Yuval Krausz

All Is Quiet

The silence is overwhelming.  There is no sound at all.  We are covered in a thick white blanket of snow.

I found it hard to believe, but we were in a tiny makeshift outpost, completely cut off from any supply and truly covered in about two meters of freshly fallen snow.  I had not seen snow like that since I lived in Peterborough, Ontario Canada.  I was not in Peterborough.  My platoon and I were closer to Damascus, Syria and the snow had been falling all night, and the next day.

It is very hard to find beauty on a battlefield.  Yet, there it was, crisp, clean snow, covering our tents, covering our position, covering us in a comforting blanket of momentary tranquility.  And silence.

Silence from the constant Syrian shelling.  They too were likely covered in that snowfall.  They couldn’t see us and they couldn’t find the range of their guns to harm us.

We shoveled snow into the empty fifty gallon drums, and we turned the propane burners on to melt the snow and we added more snow.  There was an abundance of snow and we kept shoveling.  The melted snow turned to water and the water became warm and we showered with warm water.  A luxury.  An even greater luxury, as the shower became a Japanese bath, with snow all around, and the pines of the surrounding woods created a Zen garden.

We kept watch, but no one came.  The snow was too deep.  Our supply trucks couldn’t supply us either.  We were a tiny island of solitude, in harmony with nature, during the most unimaginable horrific war.

My turn to post guard was almost over.  I trudged through the deep snow, laden down with my weapons, my ammunition, my starlight scope, my life.  It was night and the snow sparkled.  My boots began to make the faintest crunching sounds in the snow, and I finally reached the tiny outpost that our platoon had created.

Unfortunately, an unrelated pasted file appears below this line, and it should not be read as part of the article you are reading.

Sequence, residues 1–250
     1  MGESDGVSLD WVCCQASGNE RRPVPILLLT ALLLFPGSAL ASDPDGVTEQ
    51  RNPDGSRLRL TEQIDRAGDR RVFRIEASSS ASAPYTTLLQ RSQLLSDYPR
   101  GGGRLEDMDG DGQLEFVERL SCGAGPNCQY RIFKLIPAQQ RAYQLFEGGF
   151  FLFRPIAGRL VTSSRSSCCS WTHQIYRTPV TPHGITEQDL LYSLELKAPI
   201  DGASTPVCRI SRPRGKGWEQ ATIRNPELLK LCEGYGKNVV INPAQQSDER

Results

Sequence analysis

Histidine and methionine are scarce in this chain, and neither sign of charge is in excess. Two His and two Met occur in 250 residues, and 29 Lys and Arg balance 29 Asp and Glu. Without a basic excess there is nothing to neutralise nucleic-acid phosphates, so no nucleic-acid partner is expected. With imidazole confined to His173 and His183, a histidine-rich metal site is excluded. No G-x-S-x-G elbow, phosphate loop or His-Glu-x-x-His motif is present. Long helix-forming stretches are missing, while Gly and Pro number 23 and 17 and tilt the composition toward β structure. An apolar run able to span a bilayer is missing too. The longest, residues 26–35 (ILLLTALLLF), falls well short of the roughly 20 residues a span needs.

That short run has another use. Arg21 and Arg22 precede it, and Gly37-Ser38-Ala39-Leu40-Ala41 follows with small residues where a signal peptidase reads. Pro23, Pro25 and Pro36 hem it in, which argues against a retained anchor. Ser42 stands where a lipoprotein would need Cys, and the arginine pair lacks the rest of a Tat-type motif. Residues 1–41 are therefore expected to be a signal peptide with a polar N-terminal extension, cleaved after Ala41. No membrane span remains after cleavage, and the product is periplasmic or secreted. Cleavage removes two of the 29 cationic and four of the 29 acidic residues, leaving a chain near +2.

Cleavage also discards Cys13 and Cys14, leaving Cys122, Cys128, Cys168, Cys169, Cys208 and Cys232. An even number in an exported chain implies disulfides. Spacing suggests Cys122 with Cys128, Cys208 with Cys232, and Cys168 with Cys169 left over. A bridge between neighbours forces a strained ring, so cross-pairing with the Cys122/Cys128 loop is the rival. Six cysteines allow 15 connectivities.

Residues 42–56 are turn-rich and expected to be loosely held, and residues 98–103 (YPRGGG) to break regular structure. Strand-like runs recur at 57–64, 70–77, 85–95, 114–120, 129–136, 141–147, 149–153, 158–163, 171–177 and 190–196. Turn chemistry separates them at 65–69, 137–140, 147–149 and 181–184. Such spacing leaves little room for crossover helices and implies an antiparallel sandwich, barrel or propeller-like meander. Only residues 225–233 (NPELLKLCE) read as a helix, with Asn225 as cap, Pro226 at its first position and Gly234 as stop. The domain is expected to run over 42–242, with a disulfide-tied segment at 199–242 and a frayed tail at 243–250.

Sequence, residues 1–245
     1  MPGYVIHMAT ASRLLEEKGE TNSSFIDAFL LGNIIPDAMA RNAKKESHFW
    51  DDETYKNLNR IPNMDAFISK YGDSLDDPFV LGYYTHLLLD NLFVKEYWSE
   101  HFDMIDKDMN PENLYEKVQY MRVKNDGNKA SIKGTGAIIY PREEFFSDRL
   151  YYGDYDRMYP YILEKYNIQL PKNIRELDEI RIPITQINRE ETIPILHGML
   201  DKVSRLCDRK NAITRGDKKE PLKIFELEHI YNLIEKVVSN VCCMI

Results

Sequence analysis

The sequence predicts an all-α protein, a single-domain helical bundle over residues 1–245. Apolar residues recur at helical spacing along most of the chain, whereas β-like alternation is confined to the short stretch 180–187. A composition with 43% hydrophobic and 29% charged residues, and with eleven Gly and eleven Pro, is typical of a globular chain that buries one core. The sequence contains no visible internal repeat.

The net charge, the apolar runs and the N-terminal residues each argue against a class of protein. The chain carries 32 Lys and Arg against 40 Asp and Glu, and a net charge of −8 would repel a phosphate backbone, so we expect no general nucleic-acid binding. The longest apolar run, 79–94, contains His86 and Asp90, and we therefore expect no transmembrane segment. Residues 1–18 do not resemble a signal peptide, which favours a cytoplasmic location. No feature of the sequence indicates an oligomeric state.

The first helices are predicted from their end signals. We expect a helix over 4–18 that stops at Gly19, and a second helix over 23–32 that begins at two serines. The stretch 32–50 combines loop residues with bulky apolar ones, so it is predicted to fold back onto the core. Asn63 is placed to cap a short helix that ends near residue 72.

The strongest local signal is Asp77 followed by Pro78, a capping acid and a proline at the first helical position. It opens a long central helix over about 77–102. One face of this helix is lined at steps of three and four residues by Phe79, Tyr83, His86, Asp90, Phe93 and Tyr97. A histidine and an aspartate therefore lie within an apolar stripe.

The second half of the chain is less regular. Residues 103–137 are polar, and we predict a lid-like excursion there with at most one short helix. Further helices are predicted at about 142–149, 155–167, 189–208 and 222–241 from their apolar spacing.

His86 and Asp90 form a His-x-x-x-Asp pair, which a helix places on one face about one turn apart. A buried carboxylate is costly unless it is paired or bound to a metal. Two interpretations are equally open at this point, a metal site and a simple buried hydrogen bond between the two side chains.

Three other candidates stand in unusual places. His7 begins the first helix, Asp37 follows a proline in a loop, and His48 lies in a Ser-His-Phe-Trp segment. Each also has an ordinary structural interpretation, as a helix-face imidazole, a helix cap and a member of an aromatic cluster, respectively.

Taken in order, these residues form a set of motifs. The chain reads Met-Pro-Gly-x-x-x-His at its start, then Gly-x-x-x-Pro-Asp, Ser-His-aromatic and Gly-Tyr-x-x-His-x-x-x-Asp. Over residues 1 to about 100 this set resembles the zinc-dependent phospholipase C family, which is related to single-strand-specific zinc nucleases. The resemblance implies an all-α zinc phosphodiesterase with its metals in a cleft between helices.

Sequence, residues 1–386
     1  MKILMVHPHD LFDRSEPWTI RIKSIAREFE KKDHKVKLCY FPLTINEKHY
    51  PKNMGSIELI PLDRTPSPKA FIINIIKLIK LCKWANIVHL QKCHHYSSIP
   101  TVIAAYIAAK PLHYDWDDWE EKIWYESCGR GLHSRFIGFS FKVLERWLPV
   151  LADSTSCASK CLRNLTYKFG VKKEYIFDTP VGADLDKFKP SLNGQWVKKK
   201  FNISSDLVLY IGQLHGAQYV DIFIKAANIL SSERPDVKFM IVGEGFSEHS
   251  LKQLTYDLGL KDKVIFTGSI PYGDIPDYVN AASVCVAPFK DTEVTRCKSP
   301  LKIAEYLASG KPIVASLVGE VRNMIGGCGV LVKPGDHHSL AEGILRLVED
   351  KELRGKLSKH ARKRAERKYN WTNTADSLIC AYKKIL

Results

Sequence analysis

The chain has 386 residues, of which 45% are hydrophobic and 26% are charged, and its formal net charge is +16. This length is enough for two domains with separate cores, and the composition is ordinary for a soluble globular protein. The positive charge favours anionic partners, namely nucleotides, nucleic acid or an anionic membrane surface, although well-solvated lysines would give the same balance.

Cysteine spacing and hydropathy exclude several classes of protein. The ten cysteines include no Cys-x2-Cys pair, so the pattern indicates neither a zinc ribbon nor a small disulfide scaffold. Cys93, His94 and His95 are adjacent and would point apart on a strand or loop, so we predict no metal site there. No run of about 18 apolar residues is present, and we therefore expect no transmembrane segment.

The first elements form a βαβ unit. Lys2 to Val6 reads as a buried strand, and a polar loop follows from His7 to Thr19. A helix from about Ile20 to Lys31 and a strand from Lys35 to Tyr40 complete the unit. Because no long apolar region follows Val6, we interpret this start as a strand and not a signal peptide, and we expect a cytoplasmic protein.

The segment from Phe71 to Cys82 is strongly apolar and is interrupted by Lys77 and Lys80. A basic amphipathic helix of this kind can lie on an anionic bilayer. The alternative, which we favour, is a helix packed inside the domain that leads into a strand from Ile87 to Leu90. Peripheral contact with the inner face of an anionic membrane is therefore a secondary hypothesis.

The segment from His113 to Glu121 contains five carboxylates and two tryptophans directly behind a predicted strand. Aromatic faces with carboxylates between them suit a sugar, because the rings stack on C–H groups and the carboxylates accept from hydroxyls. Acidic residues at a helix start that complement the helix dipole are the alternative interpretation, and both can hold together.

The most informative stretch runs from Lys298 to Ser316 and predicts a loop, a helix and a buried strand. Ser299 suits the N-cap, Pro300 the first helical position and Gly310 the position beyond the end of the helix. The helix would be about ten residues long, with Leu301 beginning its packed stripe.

I began to return the equipment, accounting for every piece.  An ammunition clip was missing.  I took a tiny lamp, we called it a “Beta Light”, a marker for vehicles that gave off a dim blue light and I began to backtrack, snow falling gently all around me.  If a sniper was to hit me, it would be wonderful to die right there in the beautiful white snow, to become one with this strange phenomenon of nature, no more than twenty kilometers from Damascus.

I found the ammunition clip, and headed back.

Two days went by, two days of calm, of silence.  Two days for conversing with my brothers-in-arms by the warmth of kerosene space heaters.  Two days of telling about our dreams to each other, what we would do when this would all be over.  Two days of forgetting, even for a few moments, that we had been attacked on Yom Kippur.  October 6th.  Shabbat.  At 2 p.m.  1973.

The snow began to melt.  The skies cleared.  The sun shone.  The silence was broken by the scream of an incoming Syrian shell, as their bombardment began anew.

About the Author
Born in Israel, Yuval emigrated as a baby to Austria and then Canada. He returned to live in Israel in '71 until '91. His military service was in Golani Brigade's 13th Battalion (including Yom Kippur War) with reserve duty as a tank commander and later a liaison officer in the IDF Liaison Unit. He now resides both in the US and Israel, Maryland and Zichron Yaakov respectively.
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